Thursday, July 22, 2010

Flash Flood Watch

What do you do when it's not just raining, but hard driven pelting slanting rain drenches an already rain soaked area? You sit on the garage floor peering out the half open overhead door. It rains. It pours. Every two days. This is nothing new. You jump on a rocking chair, but first you test the old mattress pad covering the seat with your paw. You're not sure what this white fuzzy felt thing is all about. Then, you jump on the workbench and peruse a scattered collection of left-over junk. An old belt buckle, two air pillows from a FedEx shipment, junk and more junk. Finally, out of total boredom, you jump on the dog house roof. Mist from the driving rain covers the rear portion of the roof. Rain runs down the house siding. You get as close as you can to the edge of the roof. That way, you can monitor the dog inside the carpeted dog house without getting wet. It works well for several minutes. Then the rain increases. The roof isn't dry and safe anymore.

The dog walks out to the gravel road, shaking her head as the rain pummels her ears. Not a thing is stirring. No robins hunt for worms. Convinced that any further exploration will lead to a thorough drenching, she retreats to her house. Head placed upon curled paws, she waits for that "ride". She heard the word, she's sure. Her man said "ride". The word later doesn't register.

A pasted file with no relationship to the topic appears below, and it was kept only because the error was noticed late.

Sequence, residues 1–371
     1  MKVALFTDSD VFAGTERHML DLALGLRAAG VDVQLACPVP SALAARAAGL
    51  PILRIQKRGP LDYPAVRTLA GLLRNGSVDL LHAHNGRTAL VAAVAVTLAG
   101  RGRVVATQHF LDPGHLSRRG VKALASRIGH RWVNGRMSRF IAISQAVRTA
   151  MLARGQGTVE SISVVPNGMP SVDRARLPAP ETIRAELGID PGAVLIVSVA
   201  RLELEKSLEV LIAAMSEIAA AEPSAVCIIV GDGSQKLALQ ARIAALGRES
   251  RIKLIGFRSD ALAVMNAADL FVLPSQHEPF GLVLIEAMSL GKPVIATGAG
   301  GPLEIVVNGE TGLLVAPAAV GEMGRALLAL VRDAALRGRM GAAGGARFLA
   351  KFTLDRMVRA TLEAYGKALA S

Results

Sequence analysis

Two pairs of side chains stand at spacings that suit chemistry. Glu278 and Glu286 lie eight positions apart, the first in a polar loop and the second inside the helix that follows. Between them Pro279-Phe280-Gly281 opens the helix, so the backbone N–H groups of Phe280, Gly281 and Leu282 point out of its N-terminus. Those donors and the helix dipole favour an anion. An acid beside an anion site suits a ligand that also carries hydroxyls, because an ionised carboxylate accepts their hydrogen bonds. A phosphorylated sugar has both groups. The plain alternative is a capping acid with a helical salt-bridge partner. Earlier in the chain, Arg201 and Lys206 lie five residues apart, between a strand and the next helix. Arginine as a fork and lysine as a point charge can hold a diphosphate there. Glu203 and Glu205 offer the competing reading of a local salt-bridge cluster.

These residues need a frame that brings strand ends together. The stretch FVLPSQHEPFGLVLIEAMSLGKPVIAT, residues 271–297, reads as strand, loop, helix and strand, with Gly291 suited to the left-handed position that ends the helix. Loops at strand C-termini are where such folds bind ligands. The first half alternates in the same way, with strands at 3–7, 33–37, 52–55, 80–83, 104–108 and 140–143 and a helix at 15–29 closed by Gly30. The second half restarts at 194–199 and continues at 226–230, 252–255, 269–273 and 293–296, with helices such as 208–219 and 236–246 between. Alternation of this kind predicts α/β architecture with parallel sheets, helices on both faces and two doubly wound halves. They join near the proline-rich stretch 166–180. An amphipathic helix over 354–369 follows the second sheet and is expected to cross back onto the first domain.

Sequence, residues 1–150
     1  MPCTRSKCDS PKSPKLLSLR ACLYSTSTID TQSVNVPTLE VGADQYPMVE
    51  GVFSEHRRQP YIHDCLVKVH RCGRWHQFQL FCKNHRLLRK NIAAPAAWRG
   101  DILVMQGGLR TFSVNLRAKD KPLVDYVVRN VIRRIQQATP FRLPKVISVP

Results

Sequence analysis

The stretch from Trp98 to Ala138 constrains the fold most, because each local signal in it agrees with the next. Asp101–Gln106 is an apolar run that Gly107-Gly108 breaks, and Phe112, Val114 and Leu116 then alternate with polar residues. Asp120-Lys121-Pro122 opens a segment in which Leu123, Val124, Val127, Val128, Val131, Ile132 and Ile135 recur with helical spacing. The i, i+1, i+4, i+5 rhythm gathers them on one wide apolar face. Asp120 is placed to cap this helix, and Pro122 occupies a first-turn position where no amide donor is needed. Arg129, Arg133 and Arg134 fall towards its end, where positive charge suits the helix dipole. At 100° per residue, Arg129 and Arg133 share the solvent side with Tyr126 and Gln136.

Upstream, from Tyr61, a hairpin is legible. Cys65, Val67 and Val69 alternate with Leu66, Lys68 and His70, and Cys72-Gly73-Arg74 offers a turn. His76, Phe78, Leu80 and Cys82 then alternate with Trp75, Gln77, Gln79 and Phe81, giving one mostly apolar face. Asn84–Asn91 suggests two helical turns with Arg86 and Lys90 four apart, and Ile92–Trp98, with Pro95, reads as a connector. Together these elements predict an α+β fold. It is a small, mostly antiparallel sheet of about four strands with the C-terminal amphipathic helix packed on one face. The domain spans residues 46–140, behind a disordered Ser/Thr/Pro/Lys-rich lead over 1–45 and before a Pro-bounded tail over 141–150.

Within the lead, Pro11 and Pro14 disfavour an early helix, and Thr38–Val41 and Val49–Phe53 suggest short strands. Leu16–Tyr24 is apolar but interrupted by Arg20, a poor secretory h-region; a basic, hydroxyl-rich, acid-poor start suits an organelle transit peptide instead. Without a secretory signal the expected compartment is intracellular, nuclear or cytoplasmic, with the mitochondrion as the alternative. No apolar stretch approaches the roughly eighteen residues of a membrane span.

The man is walking back and forth between garage and house. Yesterday's four bean salad canning frenzy in which he ran out of solution: hot vinegar,water, sugar and spices late after midnight in his sleep, is now a dozen pint jars labeled 7/10. They're put on the bottom of the wood shelves in the kitchen area separated from last year's bean salad by a large, open space. Two stainless steel pots, a water bath canner, several plastic bowls and a stainless steel strainer are returned to their final resting place in the summer kitchen. The five gallon plastic bucket of sugar, a smidgen of cider vinegar and the bag of mustard seed are returned to their proper places. The stainless steel pots are nestled upside down so that earwigs don't have a dark hiding place to call home. A dozen glass pints jars capture his attention. It's a good day for mindless activity.

The pint jars have wax in the bottom. At least he thinks it's wax. Placing a half dozen jars in the microwave, he hits the auto cook function for one minute. The wax remains opaque and off- white on the floor of the jar. Then he hits "two" on auto cook. Reaching for an oven glove because the jars are too hot to touch with a bare hand, the wax has melted partially. "Hmm. Must be soap or some wax /soap combination."

More button punching and melting followed by a quick grab of a glass jar with the oven glove. Turned upside down on a kraft paper bag, the wax or soap immediately turns hard. The next step is to soak the jars in hot soapy water. But what else is there to do?

There's a flash flood watch because of the heavy rain. A quick check of river levels and the map overlay of villages and towns along the river shows no immediate danger. River levels are far below flood stage. All that will change in just a few hours.

Stepping outside to monitor the progress of the thunderstorm, the air smells like caraway. Dog and cat scurry to the back door anxious to get out of the rain.

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